The minions of Rahula, like the minions of any protector, are an expansion of the powers of the Protector in terms of the presentation of an escalating degree of detail. Ngak’chang Rinpoche comments:
The quality of the function of the protector’s minions is perhaps the most accurate use of the term ‘over-kill’ – except here the idea is not based on fear or the neurotic need to make every situation safe. Rahula deals with the immediate context of our tendency to subvert the commitments – whereas Rahula’s minions deal with the diffuse, more intangible, context of our unrecognised conditioning. When karmic conditioning, in terms of hidden primary causes, meets unlikely yet dangerous secondary causes – the minions are there presenting their unlikely forms.
This minion is called Digpa Tsara Ru-chan srin (sDig pa ra tsa ru can mGo srin) or Dig-ra Ru chan -srin (sDig rwa Ru can srin). This scorpion horned minion rides a demonic black horse in the manner of many of the personal protectors which belong to gTérma lineages. He is covered with eyes in the manner of Za Rahula. In his right hand he holds the wheel of the teachings and in his left the vajra noose made of the entrails of vow-breakers.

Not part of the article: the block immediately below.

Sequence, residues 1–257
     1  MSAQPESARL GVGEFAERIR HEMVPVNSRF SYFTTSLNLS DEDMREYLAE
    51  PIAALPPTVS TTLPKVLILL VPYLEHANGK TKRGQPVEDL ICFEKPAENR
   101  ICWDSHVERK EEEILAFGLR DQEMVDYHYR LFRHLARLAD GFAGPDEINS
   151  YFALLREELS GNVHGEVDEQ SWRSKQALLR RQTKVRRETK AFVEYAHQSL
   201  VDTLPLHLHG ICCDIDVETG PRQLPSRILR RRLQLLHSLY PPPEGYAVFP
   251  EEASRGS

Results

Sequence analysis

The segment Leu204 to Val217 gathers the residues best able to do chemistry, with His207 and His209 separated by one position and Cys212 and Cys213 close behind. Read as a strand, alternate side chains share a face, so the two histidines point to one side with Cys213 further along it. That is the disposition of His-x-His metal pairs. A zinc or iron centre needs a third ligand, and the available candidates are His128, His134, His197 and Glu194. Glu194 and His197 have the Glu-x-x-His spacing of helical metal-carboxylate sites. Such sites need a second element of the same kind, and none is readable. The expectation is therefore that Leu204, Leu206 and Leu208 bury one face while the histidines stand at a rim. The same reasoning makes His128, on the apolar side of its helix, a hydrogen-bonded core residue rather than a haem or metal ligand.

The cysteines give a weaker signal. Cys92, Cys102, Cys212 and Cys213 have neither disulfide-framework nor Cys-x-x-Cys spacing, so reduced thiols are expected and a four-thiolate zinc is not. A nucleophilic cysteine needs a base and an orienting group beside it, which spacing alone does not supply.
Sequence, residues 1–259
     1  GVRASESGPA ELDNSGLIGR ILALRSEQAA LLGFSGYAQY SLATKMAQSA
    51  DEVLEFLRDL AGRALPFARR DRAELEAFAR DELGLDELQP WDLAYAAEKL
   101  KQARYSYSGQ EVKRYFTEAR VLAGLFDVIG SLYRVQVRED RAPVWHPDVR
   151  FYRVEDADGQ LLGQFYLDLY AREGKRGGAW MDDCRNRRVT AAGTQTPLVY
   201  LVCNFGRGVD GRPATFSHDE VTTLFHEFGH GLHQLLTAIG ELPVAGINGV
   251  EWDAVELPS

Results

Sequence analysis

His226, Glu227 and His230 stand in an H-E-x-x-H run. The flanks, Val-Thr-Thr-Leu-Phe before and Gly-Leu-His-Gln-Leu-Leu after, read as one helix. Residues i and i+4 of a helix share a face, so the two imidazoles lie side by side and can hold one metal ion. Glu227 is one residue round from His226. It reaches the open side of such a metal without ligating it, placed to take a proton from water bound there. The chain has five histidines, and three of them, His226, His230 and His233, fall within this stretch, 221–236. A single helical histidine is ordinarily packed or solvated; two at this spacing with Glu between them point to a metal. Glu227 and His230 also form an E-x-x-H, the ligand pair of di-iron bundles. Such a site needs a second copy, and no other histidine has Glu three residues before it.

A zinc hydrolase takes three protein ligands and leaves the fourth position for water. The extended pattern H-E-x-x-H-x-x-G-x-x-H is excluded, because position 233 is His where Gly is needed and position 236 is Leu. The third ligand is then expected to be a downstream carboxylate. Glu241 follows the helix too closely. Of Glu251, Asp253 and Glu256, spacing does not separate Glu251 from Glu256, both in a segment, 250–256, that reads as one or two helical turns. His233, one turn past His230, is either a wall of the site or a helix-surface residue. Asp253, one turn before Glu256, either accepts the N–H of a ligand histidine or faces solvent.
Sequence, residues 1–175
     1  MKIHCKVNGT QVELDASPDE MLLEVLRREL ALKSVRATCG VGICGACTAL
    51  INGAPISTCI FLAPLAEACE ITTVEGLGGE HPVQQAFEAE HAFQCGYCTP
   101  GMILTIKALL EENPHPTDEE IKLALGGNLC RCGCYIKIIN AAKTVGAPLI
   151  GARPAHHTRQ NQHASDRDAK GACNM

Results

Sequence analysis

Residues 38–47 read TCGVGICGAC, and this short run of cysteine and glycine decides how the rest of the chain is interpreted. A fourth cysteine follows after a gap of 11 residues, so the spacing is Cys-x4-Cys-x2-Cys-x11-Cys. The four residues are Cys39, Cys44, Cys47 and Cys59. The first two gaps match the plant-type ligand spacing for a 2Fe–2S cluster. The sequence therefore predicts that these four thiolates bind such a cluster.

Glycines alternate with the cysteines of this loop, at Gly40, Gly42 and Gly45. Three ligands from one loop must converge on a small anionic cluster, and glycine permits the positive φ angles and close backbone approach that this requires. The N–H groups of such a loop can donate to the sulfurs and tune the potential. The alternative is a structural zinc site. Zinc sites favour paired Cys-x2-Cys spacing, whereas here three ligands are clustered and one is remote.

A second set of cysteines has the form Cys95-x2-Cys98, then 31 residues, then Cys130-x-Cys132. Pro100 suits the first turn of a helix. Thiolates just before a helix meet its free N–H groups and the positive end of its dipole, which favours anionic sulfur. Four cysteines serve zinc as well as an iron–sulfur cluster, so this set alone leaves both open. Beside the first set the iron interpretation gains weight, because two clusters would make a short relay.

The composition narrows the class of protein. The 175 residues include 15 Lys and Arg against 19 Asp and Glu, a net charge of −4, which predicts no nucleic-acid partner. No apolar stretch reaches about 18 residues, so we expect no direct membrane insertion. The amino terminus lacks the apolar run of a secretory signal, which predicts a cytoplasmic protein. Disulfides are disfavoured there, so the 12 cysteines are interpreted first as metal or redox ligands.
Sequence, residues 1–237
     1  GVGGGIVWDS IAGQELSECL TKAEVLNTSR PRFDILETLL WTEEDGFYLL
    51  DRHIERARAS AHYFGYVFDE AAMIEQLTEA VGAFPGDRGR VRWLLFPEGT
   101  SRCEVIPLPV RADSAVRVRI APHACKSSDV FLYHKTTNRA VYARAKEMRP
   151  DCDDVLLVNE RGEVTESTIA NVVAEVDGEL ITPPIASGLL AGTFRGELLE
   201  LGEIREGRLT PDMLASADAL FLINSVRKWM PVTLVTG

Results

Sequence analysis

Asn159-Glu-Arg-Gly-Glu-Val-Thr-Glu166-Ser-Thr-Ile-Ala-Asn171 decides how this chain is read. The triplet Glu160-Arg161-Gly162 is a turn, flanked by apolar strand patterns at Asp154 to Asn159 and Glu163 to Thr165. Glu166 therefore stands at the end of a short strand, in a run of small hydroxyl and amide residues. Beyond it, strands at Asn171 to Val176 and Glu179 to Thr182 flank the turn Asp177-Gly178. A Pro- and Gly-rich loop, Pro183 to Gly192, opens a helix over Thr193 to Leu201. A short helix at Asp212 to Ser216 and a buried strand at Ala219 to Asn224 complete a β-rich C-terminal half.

The scorpion is seen as the epitome of negativity and thus is the symbol that anything and anyone, anywhere can be transformed through the methods of Vajrayana. This is why the scorpion appears in so many wrathful Vajrayana images. It is found on the Wrathful empowerment shawl of the Aro gTér Lineage – and on the seals of many Tantric Lamas.
When the apostate king Langdarma attempted to destroy Buddhism in Tibet, Nubchen Sang-gyé Yeshé terrified Langdarma by performing the dig-dzub mudra (sDigs mDzub) – pointing his forefinger at the sky in the manner in which a scorpion arches its tail. With this ‘scorpion gesture’ he manifested a scorpion the size of nine yaks. Having seen this, Langdarma retreated, promising not to persecute the Vajrayana of the gö-kar-chang-lo’idé.